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Headpins : Turn it loud
(Solid Gold - 1982)
Category: overlooked
4,5 stars

While this album was a huge hit in their home country of Canada (it went platinum there) not many European rockers seem to have heard the band's albums. They released three of them. I have never heard the third one, so I can't tell you if it was good or not. The second one ('Line of Fire') wasn't particularily interesting as the songs just weren't that inspired. But their debut is a completely different affair.

At the time it was released the members were still contractually bound to one of Canada's most succesful Rock bands, called Chilliwack, so the only name featured on the back of the record sleeve was that of vocalist Darby Mills. Mills has one of Rock's most impressive female voices and a singing style that makes her sound more like Robert Plant's sister than anything else. But that's not the only thing that's good about 'Turn it loud'. What makes it so compelling is the excellent song writing courtesy of Brian MacLeod (deceased 1992). Although the music of Headpins is different from Chilliwack's, the quality of the songs makes clear his years in his previous band weren't wasted time in terms of polishing his abilities as a songsmith. I think 'Turn it Loud' is the man's creative masterpiece, as it's better even than that most excellent of Chilliwack albums 'Lights from the Valley'. The vocal melodies and the strong choruses, the guitar riffs (check out the quirky one in 'Keep walking away'), the song structures, it's all coming from the brain of a real craftsman.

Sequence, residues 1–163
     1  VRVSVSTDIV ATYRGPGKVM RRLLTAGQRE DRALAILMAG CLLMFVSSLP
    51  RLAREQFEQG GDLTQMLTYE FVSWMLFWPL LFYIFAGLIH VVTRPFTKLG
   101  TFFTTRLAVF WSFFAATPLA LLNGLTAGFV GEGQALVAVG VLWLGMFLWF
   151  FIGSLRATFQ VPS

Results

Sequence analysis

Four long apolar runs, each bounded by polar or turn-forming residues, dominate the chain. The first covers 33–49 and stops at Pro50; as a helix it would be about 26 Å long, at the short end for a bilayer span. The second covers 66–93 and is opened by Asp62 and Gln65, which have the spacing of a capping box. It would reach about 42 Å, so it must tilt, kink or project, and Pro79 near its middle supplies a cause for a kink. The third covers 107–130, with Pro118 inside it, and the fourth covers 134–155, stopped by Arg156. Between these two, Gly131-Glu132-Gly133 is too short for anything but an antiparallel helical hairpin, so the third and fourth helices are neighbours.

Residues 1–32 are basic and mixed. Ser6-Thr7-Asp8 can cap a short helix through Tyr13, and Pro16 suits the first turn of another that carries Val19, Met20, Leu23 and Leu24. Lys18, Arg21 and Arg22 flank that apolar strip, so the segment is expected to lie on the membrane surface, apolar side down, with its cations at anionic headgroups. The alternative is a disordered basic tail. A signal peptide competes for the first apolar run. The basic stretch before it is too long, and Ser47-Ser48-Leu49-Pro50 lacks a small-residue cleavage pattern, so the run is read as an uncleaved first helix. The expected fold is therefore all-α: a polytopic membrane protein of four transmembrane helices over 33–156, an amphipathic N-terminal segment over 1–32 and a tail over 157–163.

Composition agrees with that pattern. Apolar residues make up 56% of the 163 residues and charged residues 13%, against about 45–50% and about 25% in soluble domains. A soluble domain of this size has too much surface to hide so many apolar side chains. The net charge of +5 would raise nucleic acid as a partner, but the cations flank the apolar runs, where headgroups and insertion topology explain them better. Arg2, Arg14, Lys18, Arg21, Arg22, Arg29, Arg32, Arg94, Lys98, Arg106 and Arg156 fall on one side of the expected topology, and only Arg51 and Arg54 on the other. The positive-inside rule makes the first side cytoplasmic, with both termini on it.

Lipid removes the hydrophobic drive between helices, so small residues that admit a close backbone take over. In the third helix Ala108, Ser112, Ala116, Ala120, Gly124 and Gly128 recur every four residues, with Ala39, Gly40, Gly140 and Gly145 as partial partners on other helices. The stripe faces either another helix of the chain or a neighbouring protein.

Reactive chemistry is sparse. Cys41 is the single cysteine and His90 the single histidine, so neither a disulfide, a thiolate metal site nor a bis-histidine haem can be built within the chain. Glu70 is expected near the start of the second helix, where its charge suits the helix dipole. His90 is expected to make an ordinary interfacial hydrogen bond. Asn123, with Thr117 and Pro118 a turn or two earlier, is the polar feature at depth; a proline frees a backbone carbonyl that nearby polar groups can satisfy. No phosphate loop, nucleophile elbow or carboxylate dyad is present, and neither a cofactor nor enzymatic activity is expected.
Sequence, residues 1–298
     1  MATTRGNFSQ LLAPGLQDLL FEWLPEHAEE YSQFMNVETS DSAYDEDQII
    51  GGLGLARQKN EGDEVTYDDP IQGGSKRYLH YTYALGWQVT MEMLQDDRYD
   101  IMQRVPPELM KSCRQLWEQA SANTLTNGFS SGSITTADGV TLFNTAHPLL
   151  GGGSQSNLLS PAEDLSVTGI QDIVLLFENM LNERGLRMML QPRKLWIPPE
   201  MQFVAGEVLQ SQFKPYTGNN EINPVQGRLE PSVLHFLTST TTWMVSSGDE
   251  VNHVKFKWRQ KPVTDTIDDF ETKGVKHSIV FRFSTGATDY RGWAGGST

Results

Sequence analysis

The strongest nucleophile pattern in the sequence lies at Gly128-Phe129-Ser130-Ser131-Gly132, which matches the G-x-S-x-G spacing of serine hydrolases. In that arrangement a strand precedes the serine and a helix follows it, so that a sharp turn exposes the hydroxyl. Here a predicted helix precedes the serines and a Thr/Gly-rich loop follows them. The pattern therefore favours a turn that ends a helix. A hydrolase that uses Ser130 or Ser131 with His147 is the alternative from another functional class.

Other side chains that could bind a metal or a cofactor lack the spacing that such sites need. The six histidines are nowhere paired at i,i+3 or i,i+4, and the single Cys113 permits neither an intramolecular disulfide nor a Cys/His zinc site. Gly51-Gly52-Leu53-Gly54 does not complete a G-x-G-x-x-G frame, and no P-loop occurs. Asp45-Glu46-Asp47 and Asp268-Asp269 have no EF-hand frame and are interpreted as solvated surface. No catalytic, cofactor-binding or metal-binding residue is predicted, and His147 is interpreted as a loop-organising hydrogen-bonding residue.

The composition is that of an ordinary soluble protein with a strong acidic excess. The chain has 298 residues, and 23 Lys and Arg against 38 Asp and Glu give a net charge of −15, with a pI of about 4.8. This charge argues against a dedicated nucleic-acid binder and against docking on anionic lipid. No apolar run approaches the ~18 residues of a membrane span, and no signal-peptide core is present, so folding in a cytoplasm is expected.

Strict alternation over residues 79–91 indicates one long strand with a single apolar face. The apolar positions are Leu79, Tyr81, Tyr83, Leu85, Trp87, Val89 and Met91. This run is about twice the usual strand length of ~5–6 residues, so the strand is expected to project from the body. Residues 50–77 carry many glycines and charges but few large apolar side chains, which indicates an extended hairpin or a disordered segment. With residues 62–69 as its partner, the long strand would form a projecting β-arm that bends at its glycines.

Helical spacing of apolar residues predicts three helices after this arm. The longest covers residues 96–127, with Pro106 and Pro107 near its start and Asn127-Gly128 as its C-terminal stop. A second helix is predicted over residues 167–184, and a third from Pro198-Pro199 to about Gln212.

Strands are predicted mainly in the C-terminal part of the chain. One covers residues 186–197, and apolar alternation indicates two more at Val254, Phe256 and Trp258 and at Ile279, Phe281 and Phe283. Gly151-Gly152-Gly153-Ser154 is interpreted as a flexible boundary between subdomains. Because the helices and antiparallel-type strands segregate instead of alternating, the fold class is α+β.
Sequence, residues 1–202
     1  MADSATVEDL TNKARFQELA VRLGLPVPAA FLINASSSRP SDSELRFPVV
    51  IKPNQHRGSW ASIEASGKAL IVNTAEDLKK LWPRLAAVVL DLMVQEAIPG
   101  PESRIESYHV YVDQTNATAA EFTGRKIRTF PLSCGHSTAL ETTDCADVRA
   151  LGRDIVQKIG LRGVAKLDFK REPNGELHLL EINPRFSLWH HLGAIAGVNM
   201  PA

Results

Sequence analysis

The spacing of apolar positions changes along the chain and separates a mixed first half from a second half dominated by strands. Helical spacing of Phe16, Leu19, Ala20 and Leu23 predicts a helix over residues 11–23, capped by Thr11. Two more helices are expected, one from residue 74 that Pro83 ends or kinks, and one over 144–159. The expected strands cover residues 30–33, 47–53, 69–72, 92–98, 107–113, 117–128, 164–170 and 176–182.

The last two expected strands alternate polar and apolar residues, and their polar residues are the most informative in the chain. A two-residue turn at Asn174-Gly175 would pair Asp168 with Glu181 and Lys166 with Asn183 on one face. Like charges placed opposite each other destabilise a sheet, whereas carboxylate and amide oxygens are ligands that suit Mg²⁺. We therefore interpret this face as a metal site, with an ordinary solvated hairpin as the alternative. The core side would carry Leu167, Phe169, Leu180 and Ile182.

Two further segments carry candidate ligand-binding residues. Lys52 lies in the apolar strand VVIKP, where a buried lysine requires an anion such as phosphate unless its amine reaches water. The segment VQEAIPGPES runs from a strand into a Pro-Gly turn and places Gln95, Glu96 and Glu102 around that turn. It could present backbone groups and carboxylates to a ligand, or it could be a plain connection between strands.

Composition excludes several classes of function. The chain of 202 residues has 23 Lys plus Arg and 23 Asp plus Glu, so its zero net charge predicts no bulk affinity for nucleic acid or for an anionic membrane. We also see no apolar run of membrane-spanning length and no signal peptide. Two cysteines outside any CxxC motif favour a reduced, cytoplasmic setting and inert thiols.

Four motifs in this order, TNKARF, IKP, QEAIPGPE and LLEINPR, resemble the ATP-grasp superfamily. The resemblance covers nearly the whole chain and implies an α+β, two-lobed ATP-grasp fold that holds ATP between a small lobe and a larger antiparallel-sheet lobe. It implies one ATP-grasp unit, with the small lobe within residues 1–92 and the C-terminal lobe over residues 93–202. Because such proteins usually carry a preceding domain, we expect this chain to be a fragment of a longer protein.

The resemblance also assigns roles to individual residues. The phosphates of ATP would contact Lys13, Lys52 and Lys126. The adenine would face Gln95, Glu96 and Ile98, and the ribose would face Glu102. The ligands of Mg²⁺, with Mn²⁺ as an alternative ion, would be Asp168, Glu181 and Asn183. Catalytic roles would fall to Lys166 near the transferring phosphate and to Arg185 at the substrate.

But next to the song writing, there's also the band member's technical skills as musicians. The album is packed with excellent guitar playing for example. The solo's in the extended instrumental part of the standout track 'People' especially are strong.

Oops. Did I mention a standout track just then? That's doing injustice to the rest of the songs really, as over half of the album is standout material. And the remaining three tracks are way above average as well. But I'm not going to go into more detail. Instead I'll simply recommend the album as a whole to fans of radio-friendly 80's Hard Rock and energetic AOR.

The good news is that you can still find it as it has been re-released, together with 'Line of Fire', on a CD called 'Greatest hits' (released in 1988). 'Line of Fire' comes across as filler after you've heard 'Turn it Loud', but maybe it's still an added bonus for some. There's also a CD called 'The complete greatest hits' (released in 2002) and one called 'Anthology'. Forget those. Get the 1988 release, as it has the complete 'Turn it loud' album with the songs in the right order.


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